Pinocchio Effect helps you find a liar

How do you catch a person who is lying to you? Is it possible to know when someone is saying truth and when not? Psychologists have tried to find ways to get hold of a person who is deceitful. But can you get into the heart of the other person? We don’t know for sure. But for any action there are strong and visible reactions. Lies are harmful, can affect someone’s life. Cheaters and fraudsters are trained to be dishonest, very expertly. They can even establish that the lie is a truth by using various tactics. Most of the people are innocent, so they believe the other person’s story, easily.

There is a machine called lie detector which can help you finding out if someone is lying. However, it is not possible to ask everyone to undergo a lie detector test, so it is useful if we can find out, with our own naked eyes, whether a person is saying the truth. When a person is angry there are evident signs on his face. If a person is tired, we can see it from his body language. Psychologists have worked on such signals and have found out a way to detect liars.

Saying what is in our mind and what we believe to be true doesn’t take much effort. It comes out smoothly. Unless we want to cover up some fact or change the factual statement, our gestures would be seamless. Only when one has to convince the other person what he himself knows is not true, he needs to make an extra strong attempt. Because misrepresenting facts is difficult, it creates a fear in the speaker’s mind.

As per Science Daily, when a person lies, they experience a “Pinocchio effect,” which is an increase in the temperature around the nose and in the orbital muscle in the inner corner of the eye. In addition, when we perform a considerable mental effort our face temperature drops, and when we have an anxiety attack our face temperature rises. These are some of the conclusions drawn in a pioneering study conducted at the University of Granada Department of Experimental Psychology.

Apart from the temperature change and other signs on the person’s face, it is also noted that the person who is lying will make extra efforts to establish the lie as a truth. He would repeat the same thing again and again. He might also say: Why would I lie to you? His emphasis on repeating: I am telling the truth, you can ask him or her, etc are useful signals to make him a suspect. The Pinocchio effect is very useful way of observing people, through the changes in their body language and extra efforts they are making to convince the listener.

A sense of belongingness

This week I read two news in a Kenyan newspaper. Both of them were related to the Kenyan athletes performing in the Commonwealth Games 2022 and winning medals. One of them won the silver medal while the other one got a bronze one. What was striking was that invariably they gave credit for their success to their parents, community and country.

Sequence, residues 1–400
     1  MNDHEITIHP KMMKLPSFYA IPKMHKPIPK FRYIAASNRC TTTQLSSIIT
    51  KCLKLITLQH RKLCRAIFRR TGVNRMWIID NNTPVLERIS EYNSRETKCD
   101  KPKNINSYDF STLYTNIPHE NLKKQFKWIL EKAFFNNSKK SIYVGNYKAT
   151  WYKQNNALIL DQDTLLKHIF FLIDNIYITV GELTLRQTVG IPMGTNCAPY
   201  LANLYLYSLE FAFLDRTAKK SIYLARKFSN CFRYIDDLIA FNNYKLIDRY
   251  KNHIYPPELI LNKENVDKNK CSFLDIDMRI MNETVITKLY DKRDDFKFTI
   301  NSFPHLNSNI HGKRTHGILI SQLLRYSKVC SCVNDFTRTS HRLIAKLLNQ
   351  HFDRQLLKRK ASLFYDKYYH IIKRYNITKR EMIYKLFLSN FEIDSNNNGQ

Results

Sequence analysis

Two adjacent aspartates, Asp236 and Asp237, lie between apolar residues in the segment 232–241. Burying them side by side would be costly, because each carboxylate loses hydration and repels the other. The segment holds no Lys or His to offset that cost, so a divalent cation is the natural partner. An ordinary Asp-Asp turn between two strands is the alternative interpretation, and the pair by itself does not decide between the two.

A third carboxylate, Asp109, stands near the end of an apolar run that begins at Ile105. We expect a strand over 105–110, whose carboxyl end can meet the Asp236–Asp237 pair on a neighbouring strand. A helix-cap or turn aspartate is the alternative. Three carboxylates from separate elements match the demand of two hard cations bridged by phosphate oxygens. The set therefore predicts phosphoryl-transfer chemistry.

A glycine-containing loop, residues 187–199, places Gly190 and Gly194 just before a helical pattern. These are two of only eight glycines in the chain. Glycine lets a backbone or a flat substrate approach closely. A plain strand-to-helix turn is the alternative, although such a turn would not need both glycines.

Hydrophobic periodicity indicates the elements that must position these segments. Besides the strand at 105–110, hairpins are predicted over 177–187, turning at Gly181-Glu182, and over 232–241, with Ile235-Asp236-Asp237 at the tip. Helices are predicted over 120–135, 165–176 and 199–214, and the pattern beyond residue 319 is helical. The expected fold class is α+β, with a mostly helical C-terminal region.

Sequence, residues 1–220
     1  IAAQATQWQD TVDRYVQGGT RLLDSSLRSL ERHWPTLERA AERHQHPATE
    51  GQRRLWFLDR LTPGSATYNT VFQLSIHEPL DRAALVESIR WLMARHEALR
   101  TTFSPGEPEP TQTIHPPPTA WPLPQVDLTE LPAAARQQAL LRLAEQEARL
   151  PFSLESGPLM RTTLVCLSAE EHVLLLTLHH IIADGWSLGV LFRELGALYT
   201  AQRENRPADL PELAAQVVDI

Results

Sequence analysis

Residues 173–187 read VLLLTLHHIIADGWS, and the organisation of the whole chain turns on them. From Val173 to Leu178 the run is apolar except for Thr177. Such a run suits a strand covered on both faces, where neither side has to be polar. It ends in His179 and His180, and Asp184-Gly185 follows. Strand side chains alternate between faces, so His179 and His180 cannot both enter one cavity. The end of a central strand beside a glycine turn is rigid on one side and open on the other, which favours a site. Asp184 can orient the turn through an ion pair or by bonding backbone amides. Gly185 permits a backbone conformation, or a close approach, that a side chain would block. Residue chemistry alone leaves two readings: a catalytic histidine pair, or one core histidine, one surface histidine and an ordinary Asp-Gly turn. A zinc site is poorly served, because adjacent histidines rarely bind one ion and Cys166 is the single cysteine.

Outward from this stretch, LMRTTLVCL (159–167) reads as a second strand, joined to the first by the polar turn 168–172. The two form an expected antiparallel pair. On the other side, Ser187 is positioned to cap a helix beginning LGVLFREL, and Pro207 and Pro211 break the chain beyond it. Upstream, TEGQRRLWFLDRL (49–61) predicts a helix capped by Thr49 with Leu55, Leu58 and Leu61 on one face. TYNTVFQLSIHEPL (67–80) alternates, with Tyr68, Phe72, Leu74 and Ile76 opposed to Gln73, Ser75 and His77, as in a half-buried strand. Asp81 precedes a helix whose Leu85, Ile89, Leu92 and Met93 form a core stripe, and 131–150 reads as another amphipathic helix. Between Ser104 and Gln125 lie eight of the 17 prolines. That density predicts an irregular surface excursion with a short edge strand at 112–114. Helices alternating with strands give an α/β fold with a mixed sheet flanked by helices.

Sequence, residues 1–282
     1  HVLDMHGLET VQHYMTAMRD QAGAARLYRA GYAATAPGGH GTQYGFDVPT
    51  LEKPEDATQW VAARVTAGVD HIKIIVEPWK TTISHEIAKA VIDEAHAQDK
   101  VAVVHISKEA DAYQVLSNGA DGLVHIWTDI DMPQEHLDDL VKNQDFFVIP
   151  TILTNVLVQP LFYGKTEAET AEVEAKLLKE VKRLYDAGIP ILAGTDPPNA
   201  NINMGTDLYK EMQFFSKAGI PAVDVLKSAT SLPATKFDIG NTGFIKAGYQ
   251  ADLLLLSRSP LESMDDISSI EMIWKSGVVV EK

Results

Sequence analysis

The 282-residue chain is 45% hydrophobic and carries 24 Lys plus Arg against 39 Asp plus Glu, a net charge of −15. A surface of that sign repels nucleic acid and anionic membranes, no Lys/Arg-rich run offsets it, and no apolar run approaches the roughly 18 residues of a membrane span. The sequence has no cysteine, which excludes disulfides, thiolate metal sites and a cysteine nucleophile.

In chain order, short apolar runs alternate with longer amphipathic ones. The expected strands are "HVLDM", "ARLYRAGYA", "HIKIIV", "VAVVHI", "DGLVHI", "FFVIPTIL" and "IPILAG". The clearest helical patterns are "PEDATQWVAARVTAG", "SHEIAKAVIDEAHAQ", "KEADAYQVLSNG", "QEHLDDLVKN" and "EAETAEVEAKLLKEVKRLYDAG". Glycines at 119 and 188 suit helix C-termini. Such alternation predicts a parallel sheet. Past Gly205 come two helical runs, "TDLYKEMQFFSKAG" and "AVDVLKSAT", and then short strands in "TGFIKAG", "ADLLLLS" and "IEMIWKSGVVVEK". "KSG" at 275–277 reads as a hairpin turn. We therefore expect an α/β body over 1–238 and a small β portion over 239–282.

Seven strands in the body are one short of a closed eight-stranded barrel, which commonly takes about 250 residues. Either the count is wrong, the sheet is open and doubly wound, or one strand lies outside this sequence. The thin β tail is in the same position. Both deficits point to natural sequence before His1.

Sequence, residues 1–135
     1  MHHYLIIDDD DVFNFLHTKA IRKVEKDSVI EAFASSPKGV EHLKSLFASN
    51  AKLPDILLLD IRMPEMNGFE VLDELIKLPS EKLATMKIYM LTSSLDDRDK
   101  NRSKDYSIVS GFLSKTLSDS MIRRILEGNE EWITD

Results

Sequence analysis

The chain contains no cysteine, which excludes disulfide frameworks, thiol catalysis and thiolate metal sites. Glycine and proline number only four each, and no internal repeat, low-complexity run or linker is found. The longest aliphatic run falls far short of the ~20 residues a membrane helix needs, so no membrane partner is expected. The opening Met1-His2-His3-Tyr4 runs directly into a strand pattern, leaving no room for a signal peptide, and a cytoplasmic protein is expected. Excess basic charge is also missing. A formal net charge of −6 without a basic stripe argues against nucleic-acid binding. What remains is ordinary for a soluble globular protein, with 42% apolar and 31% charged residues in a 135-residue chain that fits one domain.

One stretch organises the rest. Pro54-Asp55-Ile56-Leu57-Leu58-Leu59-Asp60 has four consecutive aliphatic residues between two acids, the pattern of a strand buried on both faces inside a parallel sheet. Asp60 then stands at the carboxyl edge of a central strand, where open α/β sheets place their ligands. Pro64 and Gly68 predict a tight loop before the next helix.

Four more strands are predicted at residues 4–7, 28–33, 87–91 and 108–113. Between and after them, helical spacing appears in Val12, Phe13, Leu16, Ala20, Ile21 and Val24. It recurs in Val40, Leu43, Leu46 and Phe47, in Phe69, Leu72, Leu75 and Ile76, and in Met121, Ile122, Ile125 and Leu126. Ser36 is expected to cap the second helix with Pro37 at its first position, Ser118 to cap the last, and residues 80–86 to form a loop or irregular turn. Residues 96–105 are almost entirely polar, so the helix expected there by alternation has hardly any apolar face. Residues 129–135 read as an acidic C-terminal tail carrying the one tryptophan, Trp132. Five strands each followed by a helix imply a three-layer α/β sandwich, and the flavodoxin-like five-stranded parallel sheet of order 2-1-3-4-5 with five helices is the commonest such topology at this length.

One of them mentioned that she had been trying to enter into Kenya’s International Athletes team for long. It was with the blessing of her late mother and the local Pastor that she could make it. She also said about a prayer group that she had formed in her community, where people were fasting on different days for her success. She said it also contributed to her winning the silver medal.

I was happily surprised to see the humbleness and sense of belongingness to the community prevailing among the athletes in Kenya. They didn’t have an individualistic approach to their success, no sole ownership, but a sense to give credit to those around them in the community. It was also striking that both the athletes who mentioned their Mother and Father respectively had lost them sometime back. Thus mentioning the dead parent and giving all credit to them for their success in athletics is a remarkable value system that we are noticing here.

How different it is from the society where we see that sportspersons live as if they are superhuman and have come with a certain kind of superpower. Many of them also behave in a way which is certainly not respectful in society. But here is the stark contrast coming from Kenya where politeness, humility and a sense of belongingness prevail over the individualistic ego and pride. It has its own benefits that one never feels lonely in the ivory tower of fame and wealth. They do not have to go to a psychiatrist for addressing issues of depression.

It is very clear that the more we remain as a part of society, the more we find meaning and satisfaction in life. Our existence is interdependent on each other, we are never alone, and so we do not become lonely. A sense of belongingness gives humility and contentedness to an individual without which the success feels temporary and hollow. It is the reason that even those people who have achieved extraordinary feats get into depression and disappointment at a time. They yearn for continuous prestige and publicity. They cannot live a life without the limelight, as it is the only way for them to connect to people, and be among them. It is because of a lack of real connection with society and people. They need everyone to follow them, not walk with them. Rather than being a part of the society, they feel the society is for them, because of them. A sense of superiority takes away their simplicity and humility.

The examples of Kenyan athletes were full of inspiration, not only because of what they have achieved on the ground but also because of how they accept this success. For them, it is not only they who were responsible for medals. It was rather family and community had been a community who they felt were the force behind their achievement.